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One reader shares a nasty little secret about earnings projections. Others wrote in to promote the importance of internal audit, defend private-equity fims, suggest that CFOs listen to their staff, and predict nonprofit consolidation.
CFO Staff, CFO Magazine
June 1, 2007
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The nasty little CFO secret about earnings projections is this: We don't know. Often we don't even have the foggiest notion ("The Long View," May).
As the CFO of a public company in the late 1990s I struggled with (and against) the sales team trying to figure out what our customers would do next. We had just suffered a significant drop in share price because our best customer had moved an order back a week so that the inventory wouldn't appear on his books at the end of a quarter.
I thank my lucky stars that we successfully sold that company and I'm now in a closely held firm where I can say we don't know but this is our plan. And I don't have to do stupid accounting tricks looking for that last penny to beat an estimate an analyst who has never run a company has decided we have to beat.
Chief Financial Officer
Therapy Review Systems Inc.
Perspective Beyond the CFO
While CFOs are an important source of information for boards and audit committees ("Board Battles," May), directors should not rely on them for information to the exclusion of two other critical parties — the director of internal audit and the chief risk officer.
The internal-audit function often reports to the audit committee (with administrative reporting to a company executive), and can be an objective source of information about company risks and controls, including both financial and operational issues. Likewise, the chief risk officer can provide directors with expert analysis on a range of company risks and responses to those risks. Both of these additional perspectives are critical to effective governance.
Dana R. Hermanson
Dinos Eminent Scholar Chair of Private Enterprise
Kennesaw State University
A Disservice to America
I totally disagree with Harvard Business School professor Josh Lerner's comments concerning corporations increasing their debt ("The Buyout Binge," April). I think he is doing a great disservice to the United States by encouraging corporations to do this.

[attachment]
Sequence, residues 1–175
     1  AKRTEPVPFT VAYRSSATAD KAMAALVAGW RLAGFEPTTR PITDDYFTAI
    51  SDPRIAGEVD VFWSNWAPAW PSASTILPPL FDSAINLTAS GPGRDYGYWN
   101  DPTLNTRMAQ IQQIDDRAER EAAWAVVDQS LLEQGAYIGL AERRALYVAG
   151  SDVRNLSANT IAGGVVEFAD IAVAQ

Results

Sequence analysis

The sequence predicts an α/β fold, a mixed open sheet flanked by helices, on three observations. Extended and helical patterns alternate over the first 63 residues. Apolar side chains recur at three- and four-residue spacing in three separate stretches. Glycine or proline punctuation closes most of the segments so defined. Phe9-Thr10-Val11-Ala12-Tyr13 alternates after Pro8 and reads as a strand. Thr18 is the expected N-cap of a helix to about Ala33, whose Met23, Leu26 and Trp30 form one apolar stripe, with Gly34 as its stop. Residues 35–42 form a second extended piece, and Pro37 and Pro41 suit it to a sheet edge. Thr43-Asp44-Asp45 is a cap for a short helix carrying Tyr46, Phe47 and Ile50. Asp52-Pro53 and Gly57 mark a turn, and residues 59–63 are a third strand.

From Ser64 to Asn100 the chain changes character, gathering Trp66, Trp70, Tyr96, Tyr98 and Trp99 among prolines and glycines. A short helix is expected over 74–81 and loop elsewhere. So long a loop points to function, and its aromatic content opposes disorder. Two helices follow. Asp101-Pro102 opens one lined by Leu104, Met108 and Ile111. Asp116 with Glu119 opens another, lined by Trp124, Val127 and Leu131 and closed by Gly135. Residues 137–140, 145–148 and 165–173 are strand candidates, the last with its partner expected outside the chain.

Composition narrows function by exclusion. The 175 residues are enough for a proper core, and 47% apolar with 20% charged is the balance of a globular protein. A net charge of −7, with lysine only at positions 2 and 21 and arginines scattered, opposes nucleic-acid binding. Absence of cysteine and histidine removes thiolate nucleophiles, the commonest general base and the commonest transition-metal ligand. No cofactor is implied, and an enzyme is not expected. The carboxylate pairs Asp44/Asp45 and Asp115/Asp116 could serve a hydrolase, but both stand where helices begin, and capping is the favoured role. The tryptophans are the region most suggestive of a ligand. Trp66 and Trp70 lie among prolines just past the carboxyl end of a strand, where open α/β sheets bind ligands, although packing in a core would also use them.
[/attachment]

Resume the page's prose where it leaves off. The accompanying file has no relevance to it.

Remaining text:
Today hedge funds and private-equity funds are taking corporations private. They're loading them up with very cheap debt, paying themselves a tremendous dividend, and then taking the companies public again through initial public offerings, which are then sold to the naive public. This debt load is manageable now as economically things are reasonably good and the cost of debt is at a 45-year low. However, when the normal business cycle reverses and we have several years of tough times, many of these corporations will not be able to cover their debt requirements and will go bankrupt.
Interest rates, too, will eventually return to their normal level. So when these corporations refinance their debt, they will have to pay substantially higher interest, which will compound the problem. Private-equity and hedge funds couldn't care less, as they have already made their millions or billions of dollars. But the United States will end up as a second-rate nation with lower manufacturing, higher unemployment, and millions of people with lost pensions. Is this what you want? This is not what I want for my children and grandchildren.
Creating a Better Way
I read "Being Here" (Insight, March) with great interest. Robert Gunn is so right when he states, "Our assumption is that clients always discover the answer within themselves, as opposed to getting an answer externally." As a senior financial executive, I came to that conclusion years ago. Your staff knows better than anyone what the impediments are that cause them to do their jobs incorrectly or ineffectively. One has only to sit down with them and listen. Your staff is looking for someone to champion their cause. There is no magic bullet. It is simply listening and creating a better way.
Vice President & Controller
Bolger & Co.
Lessons from For-Profits
Having spent my entire career in the nonprofit financial field, the entire discussion/debate about nonprofit accounting continues to frustrate me ("Misgivings," January). If an organization is delivering on its mission (and that means not wasting resources so you'll have something with which to achieve your mission), most donors will pay scant attention to ratios and financial reports. However, some organizations have promoted the numbers because they prefer that to the challenge of measuring program effectiveness.
American business is overregulated as it is. If you want less of something, then regulate it more. Fundamentally, I believe nonprofit organizations should be free to report these costs however they wish. If they are not producing what the donor customer wants, they'll ultimately be put out of business, whether or not they have low overhead.
The entire nonprofit industry is ripe for consolidation. There are simply too many pieces trying to achieve the same purpose. If we would get together a bit, we would realize some of the economies of scale that for-profit businesses achieve through mergers and acquisitions. Then we might not be motivated to underreport overhead costs, because they wouldn't be as high. (I am a former controller of the United Way of America, former divisional controller of The Salvation Army, and former chief accountant of ExperienceWorks!®)
W. Vernon McHargue Jr.
The Heritage Foundation
In the May Insight column, the subtitle of Dan Gross's book Pop! was incorrectly identified. It is Why Bubbles Are Great for the Economy.